Registers of Persons with Significant Control

  • February 23, 2016
  • By Hunters Law

New Regulatory Requirements for Companies under the Small Business, Enterprise and Employment Act 2015

This is an extract of an in-depth article prepared by our Corporate and Commercial team. Please see below for further information or to obtain a copy of the full article.

  1. What is new?

From 6th April 2016 UK companies will be required to set up and maintain a register of information about the individuals who ultimately own and/or control them (a “PSC Register“). These individuals are termed “persons with significant control” (“PSC“). PSCs are not necessarily the immediate legal owners of shares in a company, and they include not only the individuals who are the ultimate beneficial owners but also other people who make decisions in relation to and exercise actual control over a company.

The persons who have to be included in the PSC Register are narrowly defined.  They are either:

(a)    An individual PSC who directly or indirectly holds shares or exercises control in the company; or

(b)   Another English company which maintains its own PSC register or has equivalent disclosure obligations.  Such a company is referred to as a relevant legal entity (“RLE“).

  1. Public Availability of the information in the PSC Register

The public will have the right to inspect a company’s PSC Register.  In addition, from 30th June 2016, companies will have to include the information in their PSC Register in a confirmation statement (which will replace the annual return) which is filed at Companies House. The intention is that Companies House will hold a full set of information on the ownership and control of all UK companies by April 2017.

The framework for the rules relating to PSC Registers is found in the Small Business, Enterprise and Employment Act 2015.  Of all the reforms in that Act, the introduction of the PSC Register is the most significant, as it will fundamentally change the nature of the information which will be publicly available about companies to include the identities of their ultimate beneficial owners and of other non-shareholders who effectively control them. This information can no longer be kept private: the government’s aim in requiring companies to hold PSC registers is said to be to promote transparency and accountability. It should be possible, in the future, to determine who ultimately controls a company, not simply who is the legal holder of its shares. This may be of particular concern to trustees who own or control shares.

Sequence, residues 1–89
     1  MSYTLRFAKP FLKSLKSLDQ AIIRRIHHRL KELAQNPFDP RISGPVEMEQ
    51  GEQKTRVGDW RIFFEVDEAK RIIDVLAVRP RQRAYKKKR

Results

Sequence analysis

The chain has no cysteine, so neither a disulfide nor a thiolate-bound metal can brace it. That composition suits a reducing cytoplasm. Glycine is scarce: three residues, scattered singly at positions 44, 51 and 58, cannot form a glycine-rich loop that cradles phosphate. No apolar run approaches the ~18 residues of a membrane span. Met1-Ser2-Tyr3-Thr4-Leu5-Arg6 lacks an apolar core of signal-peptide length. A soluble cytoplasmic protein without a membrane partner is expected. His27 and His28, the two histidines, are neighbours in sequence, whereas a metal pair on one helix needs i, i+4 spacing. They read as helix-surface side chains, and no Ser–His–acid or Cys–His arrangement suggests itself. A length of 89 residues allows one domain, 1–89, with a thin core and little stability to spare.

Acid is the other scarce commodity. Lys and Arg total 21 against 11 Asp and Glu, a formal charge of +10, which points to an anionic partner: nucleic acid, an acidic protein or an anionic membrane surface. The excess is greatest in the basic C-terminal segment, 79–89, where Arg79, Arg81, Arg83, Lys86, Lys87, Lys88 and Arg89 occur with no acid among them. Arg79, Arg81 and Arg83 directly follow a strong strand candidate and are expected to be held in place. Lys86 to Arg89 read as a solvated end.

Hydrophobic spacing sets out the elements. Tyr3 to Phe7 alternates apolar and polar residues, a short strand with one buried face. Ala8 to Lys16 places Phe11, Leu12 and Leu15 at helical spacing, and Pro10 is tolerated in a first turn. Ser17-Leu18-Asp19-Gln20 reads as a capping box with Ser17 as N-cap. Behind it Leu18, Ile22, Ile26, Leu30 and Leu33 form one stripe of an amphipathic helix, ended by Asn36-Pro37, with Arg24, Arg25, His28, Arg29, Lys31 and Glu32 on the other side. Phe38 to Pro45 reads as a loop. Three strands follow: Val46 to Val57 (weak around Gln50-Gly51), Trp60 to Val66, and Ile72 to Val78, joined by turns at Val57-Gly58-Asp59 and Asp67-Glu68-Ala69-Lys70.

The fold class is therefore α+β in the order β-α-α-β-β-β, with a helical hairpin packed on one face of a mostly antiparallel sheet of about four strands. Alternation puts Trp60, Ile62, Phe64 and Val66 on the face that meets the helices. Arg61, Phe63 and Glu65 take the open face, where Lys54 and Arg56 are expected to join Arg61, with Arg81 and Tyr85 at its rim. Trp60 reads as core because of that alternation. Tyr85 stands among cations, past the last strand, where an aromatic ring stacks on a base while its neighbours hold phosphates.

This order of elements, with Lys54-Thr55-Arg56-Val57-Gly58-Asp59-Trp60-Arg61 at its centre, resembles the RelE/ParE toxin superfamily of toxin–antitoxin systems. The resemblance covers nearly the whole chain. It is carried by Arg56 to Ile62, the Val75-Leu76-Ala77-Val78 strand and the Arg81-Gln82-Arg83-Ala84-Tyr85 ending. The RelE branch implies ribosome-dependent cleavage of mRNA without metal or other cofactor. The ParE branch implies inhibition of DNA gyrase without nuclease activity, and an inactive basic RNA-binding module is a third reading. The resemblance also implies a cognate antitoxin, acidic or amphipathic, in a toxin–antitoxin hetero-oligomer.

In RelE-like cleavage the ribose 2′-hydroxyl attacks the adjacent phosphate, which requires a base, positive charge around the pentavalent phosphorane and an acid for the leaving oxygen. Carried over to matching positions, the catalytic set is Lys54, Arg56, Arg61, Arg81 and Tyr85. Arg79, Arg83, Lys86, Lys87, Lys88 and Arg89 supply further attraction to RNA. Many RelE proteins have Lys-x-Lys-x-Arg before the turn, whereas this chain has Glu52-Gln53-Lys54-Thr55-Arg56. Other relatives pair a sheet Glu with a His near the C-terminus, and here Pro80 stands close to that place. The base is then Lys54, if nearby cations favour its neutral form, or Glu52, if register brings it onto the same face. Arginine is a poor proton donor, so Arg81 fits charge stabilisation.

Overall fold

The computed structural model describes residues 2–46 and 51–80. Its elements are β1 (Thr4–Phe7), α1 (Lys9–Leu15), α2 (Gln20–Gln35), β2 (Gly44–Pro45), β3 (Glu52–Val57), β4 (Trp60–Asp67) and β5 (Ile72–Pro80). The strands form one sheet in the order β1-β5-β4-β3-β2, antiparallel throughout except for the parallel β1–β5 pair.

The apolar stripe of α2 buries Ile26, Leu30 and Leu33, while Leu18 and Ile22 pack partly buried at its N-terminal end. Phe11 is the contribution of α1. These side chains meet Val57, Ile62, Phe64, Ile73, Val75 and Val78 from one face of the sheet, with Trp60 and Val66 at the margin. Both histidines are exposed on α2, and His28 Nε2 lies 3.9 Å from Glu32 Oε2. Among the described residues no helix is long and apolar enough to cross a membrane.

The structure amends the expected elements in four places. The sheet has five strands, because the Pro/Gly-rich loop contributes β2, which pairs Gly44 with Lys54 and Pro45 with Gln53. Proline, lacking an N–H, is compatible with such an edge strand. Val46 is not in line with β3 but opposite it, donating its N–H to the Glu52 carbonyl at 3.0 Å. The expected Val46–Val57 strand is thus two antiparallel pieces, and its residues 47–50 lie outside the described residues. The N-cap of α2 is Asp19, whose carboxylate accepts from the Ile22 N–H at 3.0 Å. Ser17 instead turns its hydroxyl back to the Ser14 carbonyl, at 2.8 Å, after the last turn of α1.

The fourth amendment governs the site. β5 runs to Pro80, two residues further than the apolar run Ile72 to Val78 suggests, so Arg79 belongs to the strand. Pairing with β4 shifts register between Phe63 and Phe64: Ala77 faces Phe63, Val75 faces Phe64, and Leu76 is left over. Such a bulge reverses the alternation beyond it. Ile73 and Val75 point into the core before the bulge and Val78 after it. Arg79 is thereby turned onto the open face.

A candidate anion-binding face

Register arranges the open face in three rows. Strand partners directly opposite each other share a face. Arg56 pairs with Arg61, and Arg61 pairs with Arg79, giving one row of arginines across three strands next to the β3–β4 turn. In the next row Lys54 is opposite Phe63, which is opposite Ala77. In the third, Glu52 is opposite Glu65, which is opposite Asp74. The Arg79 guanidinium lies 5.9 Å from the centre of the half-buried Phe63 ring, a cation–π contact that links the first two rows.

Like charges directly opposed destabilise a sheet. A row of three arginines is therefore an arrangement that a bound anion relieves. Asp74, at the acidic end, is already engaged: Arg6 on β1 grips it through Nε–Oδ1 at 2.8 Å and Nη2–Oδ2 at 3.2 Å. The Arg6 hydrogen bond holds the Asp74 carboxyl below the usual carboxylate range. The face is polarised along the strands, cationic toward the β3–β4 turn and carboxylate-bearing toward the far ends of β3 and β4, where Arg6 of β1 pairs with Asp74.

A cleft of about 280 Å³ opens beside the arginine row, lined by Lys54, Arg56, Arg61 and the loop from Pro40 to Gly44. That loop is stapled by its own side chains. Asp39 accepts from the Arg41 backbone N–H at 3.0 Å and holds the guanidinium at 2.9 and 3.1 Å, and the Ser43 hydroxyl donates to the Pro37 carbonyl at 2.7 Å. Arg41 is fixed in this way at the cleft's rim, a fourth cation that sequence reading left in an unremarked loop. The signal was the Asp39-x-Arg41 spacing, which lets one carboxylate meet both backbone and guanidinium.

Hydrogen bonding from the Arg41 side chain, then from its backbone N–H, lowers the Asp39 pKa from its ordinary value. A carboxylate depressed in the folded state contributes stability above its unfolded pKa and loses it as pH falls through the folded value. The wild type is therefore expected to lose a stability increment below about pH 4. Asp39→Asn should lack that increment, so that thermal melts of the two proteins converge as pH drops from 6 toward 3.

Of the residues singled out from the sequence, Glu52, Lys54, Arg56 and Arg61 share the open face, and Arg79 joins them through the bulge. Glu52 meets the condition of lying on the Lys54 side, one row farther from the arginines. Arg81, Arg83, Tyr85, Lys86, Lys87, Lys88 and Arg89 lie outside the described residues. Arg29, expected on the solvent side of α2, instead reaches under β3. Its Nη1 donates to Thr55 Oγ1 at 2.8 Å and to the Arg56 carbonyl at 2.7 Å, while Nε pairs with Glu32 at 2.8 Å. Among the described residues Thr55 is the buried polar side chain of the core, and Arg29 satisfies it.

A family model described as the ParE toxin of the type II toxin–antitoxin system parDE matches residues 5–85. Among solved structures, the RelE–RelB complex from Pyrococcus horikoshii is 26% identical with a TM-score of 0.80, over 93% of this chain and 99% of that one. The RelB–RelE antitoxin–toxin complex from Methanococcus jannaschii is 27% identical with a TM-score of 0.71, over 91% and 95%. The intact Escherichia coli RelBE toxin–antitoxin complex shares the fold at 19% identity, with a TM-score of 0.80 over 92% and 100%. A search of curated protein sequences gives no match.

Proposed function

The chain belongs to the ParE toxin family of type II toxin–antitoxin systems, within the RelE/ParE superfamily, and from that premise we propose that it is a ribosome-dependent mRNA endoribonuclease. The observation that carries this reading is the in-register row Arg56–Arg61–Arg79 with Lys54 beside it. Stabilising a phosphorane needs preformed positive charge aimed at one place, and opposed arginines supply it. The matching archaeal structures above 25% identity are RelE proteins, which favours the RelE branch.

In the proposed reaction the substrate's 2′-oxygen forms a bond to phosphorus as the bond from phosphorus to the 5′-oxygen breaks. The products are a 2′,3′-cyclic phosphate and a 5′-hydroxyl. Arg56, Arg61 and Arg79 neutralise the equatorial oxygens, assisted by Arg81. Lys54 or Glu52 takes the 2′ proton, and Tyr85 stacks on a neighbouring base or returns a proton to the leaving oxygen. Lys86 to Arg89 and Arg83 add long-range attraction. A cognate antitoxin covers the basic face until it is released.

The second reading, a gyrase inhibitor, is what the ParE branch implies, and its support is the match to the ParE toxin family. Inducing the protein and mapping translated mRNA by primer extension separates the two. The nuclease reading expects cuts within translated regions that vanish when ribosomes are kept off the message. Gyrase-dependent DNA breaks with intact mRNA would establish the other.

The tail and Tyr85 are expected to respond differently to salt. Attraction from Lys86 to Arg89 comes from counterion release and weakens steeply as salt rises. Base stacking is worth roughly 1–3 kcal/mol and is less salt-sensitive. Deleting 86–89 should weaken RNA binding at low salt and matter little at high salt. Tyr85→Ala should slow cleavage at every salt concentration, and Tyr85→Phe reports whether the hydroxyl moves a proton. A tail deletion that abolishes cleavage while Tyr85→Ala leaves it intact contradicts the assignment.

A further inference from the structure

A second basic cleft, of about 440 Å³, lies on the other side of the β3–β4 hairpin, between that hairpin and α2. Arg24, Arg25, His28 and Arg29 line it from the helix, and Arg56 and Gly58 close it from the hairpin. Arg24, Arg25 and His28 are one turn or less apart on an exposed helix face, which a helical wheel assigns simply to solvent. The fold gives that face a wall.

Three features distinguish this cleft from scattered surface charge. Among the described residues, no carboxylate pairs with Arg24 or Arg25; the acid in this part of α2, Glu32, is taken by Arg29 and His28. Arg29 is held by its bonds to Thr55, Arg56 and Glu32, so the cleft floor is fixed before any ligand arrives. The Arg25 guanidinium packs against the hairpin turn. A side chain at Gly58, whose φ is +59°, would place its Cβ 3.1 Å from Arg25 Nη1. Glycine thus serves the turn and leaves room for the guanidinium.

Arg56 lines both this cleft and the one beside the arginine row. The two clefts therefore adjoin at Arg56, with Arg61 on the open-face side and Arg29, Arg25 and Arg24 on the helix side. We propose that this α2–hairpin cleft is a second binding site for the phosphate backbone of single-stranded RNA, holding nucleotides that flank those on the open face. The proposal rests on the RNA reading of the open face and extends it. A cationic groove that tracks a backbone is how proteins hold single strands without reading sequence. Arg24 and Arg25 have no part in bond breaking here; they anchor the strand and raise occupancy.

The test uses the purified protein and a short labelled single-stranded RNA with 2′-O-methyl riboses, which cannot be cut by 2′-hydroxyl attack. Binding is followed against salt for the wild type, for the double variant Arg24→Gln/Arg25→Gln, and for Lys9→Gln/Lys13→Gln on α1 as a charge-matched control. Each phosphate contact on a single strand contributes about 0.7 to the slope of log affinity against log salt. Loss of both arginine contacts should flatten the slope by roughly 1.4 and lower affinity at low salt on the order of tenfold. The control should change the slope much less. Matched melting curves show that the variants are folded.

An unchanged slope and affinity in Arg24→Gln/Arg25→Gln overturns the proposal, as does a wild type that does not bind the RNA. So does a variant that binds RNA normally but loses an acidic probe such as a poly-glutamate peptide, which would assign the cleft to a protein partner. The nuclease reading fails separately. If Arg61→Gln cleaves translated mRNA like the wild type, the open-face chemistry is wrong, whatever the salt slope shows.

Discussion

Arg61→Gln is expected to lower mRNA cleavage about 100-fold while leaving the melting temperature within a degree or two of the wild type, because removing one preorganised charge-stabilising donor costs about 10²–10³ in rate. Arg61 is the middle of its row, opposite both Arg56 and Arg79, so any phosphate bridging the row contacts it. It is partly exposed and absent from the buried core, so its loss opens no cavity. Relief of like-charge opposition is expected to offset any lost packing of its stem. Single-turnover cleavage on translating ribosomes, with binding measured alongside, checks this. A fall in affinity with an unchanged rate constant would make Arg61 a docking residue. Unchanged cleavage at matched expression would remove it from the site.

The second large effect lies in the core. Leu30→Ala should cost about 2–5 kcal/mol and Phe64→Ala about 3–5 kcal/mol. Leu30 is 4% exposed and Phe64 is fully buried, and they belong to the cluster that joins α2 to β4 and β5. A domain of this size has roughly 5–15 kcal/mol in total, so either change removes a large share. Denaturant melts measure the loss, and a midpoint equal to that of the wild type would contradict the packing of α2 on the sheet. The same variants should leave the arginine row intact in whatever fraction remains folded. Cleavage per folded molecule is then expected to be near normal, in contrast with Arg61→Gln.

1. Will my Company need a PSC Register?

The requirement to have a PSC Register extends to all private UK companies, which includes companies limited by shares (dormant or trading), companies limited by guarantee and community interest companies. Societas Europaea and limited liability partnerships are also required to have PSC Registers. Broadly speaking, the only companies excluded from the requirement are publicly listed companies as they are subject to separate and stringent disclosure requirements.

Every private company limited by shares or guarantee and every LLP should now consider who its shareholders or members are and set up its PSC Register before April 2016.

  1. Further information

If you would like access to see the full text of this article, or advice about your obligations under the new rules, please contact Stephen Morrall in the Company and Commercial team, or the partner at Hunters who has conduct of your affairs. The law is stated as at 31st January 2016.

Related News

Jul 22, 2021
Gregor Kleinknecht and Constance Tait examine the impact on trademark litigation and provide 10 tips on navigating the post-Brexit era in Managing IP
Jul 16, 2021
Gregor Kleinknecht and Anastassia Dimmek examine the growing threat of zombie firms in Lawyer Monthly
Jul 07, 2021
Richard Baxter and Constance Tait examine a report suggesting that firms with targeted support for ethnic minority workers see benefits
Jun 28, 2021
Richard Baxter discusses UK-EU Data Protection and how adequacy decisions avoid imminent disruption to data flows
Jun 23, 2021
Richard Baxter and Constance Tait examine the recent Burnell v Trans-Tag Ltd case in the High Court
Jun 22, 2021
Anastassia Dimmek discussed the key challenges of protecting clients’ healthy businesses from zombie firms in a webinar hosted by Advoselect
Jun 18, 2021
Richard Baxter and Constance Tait discuss the looming annual returns deadline for employee share schemes
May 18, 2021
Hunters hosted the Withdrawal and The Trade Marks Act 1994 webinar
Mar 17, 2021
Stephen Morrall comments on Uber drivers entitled to minimum wage, holiday pay and pension following the Supreme Court decision in The Sunday Times Driving, The Times and the Daily Mail
Feb 19, 2021
Stephen Morrall comments on Uber losing a landmark Supreme Court battle in the Evening Standard and the Financial Times

© Hunters Law LLP 2021 | Privacy NoticeLegal & Regulatory | Cookies Policy | Complaints Procedure.

Hunters Law LLP is authorised and regulated by the Solicitors Regulation Authority (number 657218)